Historian and bibliophile Elizabeth P. Archibald loves perusing old textbooks, pamphlets, and etiquette books. They can be as funny as they are informative. Some of the advice is still incredibly relevant today, but other tips are so ridiculous and far-fetched they have you laughing out loud. Archibald has been sharing the most amusing ones in her blog, Ask The Past, which has now become a book.
Ask The Past has tips on how to get rid of bed bugs (sprinkle bed with gunpowder and let smoulder), how to avoid pregnancy (tie some weasel testicals or goat innards around your neck), how to tell if someone is dead (apply lightly roasted onion to his nostrils), and lots more. Each piece of advice is accompanied by Archibald's snarky commentary, which is often funnier and doubles the entertainment.
My only problem is with the lack of organization. The tips follow a random sequence. A 18th century tip on medicine may be followed by a Medieval one on how to dance without losing your codpiece. This randomness works very well in blogs, but books should be better organized. I would have loved to see the tips divided by topics and listed in chronological order. That way, the reader could easily jump to the section she is most interested in and see how knowledge about the subject has evolved throughout the centuries.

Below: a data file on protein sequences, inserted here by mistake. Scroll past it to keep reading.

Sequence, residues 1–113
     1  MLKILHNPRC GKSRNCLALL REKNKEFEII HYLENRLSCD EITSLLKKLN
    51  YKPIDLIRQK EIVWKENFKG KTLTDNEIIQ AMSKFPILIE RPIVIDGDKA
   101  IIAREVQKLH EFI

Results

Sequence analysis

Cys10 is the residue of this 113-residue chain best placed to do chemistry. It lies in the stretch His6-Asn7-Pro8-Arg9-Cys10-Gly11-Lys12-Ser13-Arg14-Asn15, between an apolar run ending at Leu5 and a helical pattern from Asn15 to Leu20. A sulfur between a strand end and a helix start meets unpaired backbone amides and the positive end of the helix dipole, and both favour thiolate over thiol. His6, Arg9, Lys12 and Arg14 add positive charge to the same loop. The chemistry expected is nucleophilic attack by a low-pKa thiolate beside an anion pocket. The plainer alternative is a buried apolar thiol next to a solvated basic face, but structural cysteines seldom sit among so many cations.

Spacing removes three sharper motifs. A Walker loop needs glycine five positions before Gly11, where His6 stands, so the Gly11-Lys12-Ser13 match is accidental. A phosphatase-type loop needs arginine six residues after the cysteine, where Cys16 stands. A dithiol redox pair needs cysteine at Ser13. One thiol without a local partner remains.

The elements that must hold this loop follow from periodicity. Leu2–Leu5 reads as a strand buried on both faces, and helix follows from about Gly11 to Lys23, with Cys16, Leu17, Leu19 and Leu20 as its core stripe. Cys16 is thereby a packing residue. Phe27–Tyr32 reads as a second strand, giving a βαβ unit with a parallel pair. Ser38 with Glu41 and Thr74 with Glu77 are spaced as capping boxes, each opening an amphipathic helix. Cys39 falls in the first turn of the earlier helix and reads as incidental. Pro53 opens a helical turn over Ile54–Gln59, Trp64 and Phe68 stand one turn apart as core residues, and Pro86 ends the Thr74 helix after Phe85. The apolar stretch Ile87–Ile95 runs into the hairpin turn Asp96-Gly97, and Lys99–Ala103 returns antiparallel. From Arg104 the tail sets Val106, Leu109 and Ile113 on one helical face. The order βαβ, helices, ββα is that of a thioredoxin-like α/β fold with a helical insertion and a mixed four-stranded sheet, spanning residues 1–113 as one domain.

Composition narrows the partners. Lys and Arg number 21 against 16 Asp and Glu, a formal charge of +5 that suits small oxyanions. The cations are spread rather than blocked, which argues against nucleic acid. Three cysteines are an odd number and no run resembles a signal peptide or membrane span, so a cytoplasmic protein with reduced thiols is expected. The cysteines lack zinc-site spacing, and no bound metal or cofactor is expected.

Even so, Ask The Past is well-worth a read. It'll have you in stitched from behinning to the end. And if you know someone who thinks history can't be funny, give her a copy. You may just convert her and turn her into a history geek.
Ask the Past: Pertinent and Impertinent Advice from Yesteryear is full of hilarious advice from our ancestors. Although it is badly organized, it'll have you laughing out loud from beginnng to end.